Weeks ago I found myself so outraged by an online news article, I had to remind myself to breathe. Enough, I told myself. It is time to be proactive. So I sat back in my sofa, massaged my temple — and did a rabid search for more articles I knew would rocket my outrage to a whole new level.

As I read, adrenalin surged. I became madder by the minute. When I had burned through my most incendiary news articles, I turned to Facebook for the solace of its snarky fury.  Before I knew it, hours had passed with my eyes glued to my smart phone. Now, blinking  up, I looked around the living room and wondered what I had actually accomplished, except for  miffing  my cat.

Some time ago she had dropped on the couch beside me a brightly colored fuzzy ball. She is the only cat I have ever met who liked to play fetch.  Now she mewled piteously as she nosed her violet toy toward me and looked up to gaze into my eyes, begging me to throw it.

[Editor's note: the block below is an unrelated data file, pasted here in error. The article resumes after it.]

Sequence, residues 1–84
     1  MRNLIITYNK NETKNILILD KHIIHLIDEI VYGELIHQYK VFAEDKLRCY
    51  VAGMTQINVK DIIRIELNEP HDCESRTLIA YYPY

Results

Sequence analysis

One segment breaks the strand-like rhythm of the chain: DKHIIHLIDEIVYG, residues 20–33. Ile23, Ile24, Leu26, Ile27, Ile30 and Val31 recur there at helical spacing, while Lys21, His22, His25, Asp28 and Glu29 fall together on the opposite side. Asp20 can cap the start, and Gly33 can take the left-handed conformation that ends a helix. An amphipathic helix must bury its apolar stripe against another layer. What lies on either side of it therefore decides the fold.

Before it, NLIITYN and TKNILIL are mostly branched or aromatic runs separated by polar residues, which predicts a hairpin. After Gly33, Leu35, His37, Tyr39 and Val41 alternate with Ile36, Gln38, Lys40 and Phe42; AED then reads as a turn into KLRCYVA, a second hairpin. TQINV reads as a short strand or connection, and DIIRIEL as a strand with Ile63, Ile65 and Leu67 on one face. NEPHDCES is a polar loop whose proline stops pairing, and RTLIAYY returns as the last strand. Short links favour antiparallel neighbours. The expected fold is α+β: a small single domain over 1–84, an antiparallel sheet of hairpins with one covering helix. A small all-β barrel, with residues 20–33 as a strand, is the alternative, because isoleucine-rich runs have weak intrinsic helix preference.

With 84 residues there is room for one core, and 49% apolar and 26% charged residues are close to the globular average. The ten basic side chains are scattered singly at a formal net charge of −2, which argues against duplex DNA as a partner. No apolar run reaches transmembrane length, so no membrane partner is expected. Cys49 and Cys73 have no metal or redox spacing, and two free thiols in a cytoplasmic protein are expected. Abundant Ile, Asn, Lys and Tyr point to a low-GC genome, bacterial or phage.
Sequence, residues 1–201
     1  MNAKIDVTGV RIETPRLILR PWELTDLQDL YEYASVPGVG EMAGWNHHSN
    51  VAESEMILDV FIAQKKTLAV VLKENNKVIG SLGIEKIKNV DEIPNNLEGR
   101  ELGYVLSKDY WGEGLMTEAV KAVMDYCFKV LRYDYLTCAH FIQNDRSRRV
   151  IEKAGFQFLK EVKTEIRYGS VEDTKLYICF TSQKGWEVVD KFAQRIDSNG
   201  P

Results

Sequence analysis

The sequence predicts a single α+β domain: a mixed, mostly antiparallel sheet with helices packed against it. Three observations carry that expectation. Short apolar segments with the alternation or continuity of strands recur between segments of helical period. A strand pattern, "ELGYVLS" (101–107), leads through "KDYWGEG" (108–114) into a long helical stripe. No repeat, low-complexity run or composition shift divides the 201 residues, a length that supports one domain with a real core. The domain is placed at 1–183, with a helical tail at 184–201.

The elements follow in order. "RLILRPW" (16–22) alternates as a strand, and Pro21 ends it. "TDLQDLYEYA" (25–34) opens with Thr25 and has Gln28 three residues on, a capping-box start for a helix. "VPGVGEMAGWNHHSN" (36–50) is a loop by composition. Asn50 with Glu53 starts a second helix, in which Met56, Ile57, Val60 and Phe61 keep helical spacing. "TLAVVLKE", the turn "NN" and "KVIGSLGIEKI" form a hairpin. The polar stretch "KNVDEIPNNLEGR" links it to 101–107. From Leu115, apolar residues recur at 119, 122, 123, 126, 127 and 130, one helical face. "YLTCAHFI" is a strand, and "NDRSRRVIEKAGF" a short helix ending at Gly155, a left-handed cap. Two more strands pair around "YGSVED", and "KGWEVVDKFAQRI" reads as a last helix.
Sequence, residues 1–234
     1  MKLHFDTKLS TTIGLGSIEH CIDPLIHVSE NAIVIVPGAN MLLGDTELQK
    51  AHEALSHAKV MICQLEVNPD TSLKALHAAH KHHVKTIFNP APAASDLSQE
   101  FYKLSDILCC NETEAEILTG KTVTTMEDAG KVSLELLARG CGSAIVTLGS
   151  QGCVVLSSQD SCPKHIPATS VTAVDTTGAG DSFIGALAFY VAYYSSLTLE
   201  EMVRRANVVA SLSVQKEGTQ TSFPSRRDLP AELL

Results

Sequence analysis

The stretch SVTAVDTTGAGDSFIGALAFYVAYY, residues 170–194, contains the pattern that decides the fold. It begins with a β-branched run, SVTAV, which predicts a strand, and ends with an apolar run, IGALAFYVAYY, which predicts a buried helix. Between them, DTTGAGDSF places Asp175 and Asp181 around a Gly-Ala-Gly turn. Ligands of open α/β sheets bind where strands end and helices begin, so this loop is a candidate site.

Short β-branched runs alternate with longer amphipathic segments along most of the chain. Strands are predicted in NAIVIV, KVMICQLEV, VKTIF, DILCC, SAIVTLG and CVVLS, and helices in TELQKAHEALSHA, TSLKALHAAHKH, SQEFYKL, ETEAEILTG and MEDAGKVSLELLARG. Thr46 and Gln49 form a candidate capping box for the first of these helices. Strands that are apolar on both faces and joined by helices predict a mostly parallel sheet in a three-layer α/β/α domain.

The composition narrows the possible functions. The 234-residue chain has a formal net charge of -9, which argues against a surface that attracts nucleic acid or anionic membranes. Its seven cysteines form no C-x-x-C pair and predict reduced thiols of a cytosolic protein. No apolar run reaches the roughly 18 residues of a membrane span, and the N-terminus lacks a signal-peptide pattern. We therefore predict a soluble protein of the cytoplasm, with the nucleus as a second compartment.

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The Tightrope of Writing for Love and Pay

Money looks the same regardless of how it is earned. Money made waitressing or cutting lawns looks no different from the money you would make for publishing a bestselling masterpiece destined to survive for millennia. Maybe in the moment, when the bills are due, money seems paramount, but in the end it is the writing that compels interest, surprises, enchants, persuades, and inspires.

That being said, I must admit that when I was a child penning stories about talking animals and dreaming of being an author when I grew up, I also hoped that I would make a living at writing.